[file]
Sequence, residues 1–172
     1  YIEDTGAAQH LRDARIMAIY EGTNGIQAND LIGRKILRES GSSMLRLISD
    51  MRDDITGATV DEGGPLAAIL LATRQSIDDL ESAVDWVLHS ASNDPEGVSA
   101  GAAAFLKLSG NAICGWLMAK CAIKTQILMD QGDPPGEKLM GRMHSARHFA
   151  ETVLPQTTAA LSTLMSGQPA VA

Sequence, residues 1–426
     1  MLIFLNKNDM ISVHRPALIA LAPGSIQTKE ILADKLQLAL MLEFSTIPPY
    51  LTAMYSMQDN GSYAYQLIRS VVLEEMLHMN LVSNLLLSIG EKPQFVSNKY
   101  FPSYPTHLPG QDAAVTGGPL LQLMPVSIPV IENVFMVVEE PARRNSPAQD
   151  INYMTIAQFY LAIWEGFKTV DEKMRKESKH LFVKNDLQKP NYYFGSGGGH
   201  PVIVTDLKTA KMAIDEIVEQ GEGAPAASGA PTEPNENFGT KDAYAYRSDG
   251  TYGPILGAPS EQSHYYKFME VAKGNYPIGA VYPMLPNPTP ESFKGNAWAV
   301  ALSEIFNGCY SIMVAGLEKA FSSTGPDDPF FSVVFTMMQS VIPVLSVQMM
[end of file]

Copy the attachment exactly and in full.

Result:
Sequence, residues 1–172
     1  YIEDTGAAQH LRDARIMAIY EGTNGIQAND LIGRKILRES GSSMLRLISD
    51  MRDDITGATV DEGGPLAAIL LATRQSIDDL ESAVDWVLHS ASNDPEGVSA
   101  GAAAFLKLSG NAICGWLMAK CAIKTQILMD QGDPPGEKLM GRMHSARHFA
   151  ETVLPQTTAA LSTLMSGQPA VA

Sequence, residues 1–426
     1  MLIFLNKNDM ISVHRPALIA LAPGSIQTKE ILADKLQLAL MLEFSTIPPY
    51  LTAMYSMQDN GSYAYQLIRS VVLEEMLHMN LVSNLLLSIG EKPQFVSNKY
   101  FPSYPTHLPG QDAAVTGGPL LQLMPVSIPV IENVFMVVEE PARRNSPAQD
   151  INYMTIAQFY LAIWEGFKTV DEKMRKESKH LFVKNDLQKP NYYFGSGGGH
   201  PVIVTDLKTA KMAIDEIVEQ GEGAPAASGA PTEPNENFGT KDAYAYRSDG
   251  TYGPILGAPS EQSHYYKFME VAKGNYPIGA VYPMLPNPTP ESFKGNAWAV
   301  ALSEIFNGCY SIMVAGLEKA FSSTGPDDPF FSVVFTMMQS VIPVLSVQMM